The SQL CASE statement is a powerful tool that allows you to perform conditional logic in your SQL queries. The statement is used to evaluate a condition or set of conditions and return a value based on the result of that evaluation.
The basic syntax of the SQL CASE statement is as follows:
CASE WHEN condition1 THEN result1 WHEN condition2 THEN result2 ... ELSE resultN END
In this syntax, the CASE statement evaluates each WHEN condition in order, returning the corresponding result when a condition is true. If none of the conditions are true, the statement returns the result specified in the ELSE clause.
Let’s take a look at an example. Suppose we have a table called “employees” with columns for “employee_id”, “first_name”, “last_name”, “salary”, and “department_id”. We want to create a query that returns the employee’s full name, department name, and a “salary range” based on their salary. Here’s how we could do it with the SQL CASE statement:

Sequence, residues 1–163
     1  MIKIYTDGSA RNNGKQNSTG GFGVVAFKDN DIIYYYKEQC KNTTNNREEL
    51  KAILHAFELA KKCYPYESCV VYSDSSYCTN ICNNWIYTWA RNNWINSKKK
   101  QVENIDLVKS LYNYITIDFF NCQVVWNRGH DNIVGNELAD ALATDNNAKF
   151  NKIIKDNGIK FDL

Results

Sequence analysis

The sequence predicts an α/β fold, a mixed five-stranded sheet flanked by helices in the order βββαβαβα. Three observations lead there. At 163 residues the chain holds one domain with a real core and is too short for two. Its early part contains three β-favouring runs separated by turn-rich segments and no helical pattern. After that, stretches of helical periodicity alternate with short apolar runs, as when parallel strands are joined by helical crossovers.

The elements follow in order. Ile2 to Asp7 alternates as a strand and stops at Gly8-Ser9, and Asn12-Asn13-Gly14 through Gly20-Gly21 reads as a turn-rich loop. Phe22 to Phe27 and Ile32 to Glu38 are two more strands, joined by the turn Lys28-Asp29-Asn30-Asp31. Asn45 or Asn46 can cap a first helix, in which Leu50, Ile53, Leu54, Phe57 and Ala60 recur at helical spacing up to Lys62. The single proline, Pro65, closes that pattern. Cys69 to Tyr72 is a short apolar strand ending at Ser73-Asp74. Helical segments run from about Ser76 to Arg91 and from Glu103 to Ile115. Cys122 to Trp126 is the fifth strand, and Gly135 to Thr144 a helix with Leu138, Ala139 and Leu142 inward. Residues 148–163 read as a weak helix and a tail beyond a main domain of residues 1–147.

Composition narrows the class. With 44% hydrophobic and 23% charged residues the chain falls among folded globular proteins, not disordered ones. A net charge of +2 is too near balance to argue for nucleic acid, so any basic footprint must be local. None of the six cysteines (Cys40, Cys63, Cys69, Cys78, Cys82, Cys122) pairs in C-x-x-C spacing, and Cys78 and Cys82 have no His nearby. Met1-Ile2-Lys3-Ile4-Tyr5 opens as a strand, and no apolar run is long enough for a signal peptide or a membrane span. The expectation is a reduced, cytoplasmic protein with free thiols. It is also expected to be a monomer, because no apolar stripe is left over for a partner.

SELECT CONCAT(first_name, ' ', last_name) AS full_name, departments.department_name, CASE WHEN salary < 50000 THEN 'Low' WHEN salary >= 50000 AND salary < 80000 THEN 'Medium' ELSE 'High' END AS salary_range FROM employees JOIN departments ON employees.department_id = departments.department_id;
In this example, we use the CONCAT function to combine the employee's first and last names into a single column called "full_name". We also join the "employees" table with the "departments" table using the "department_id" column.
The interesting part is the CASE statement used to determine the "salary_range". In this case, we define three conditions using the WHEN keyword. If an employee's salary is less than 50,000, the query returns 'Low'. If the salary is between 50,000 and 80,000, the query returns 'Medium'. Finally, if the salary is greater than or equal to 80,000, the query returns 'High'.
The SQL CASE statement can be used for a variety of purposes, including data transformation, data cleansing, and data validation. With its flexibility and power, it's a valuable tool to have in your SQL toolbox.